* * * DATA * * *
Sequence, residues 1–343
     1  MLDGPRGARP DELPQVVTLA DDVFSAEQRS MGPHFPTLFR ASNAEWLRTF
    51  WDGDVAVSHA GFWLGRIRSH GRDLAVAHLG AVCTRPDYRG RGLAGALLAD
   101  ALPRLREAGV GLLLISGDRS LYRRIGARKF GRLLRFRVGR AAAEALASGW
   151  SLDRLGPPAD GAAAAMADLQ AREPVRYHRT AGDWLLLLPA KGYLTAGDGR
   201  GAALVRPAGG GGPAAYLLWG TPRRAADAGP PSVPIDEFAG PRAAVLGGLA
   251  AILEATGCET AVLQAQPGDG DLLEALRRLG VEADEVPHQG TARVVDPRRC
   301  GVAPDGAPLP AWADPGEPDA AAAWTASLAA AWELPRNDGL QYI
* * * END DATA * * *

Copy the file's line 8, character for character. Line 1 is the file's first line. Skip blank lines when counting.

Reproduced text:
   301  GVAPDGAPLP AWADPGEPDA AAAWTASLAA AWELPRNDGL QYI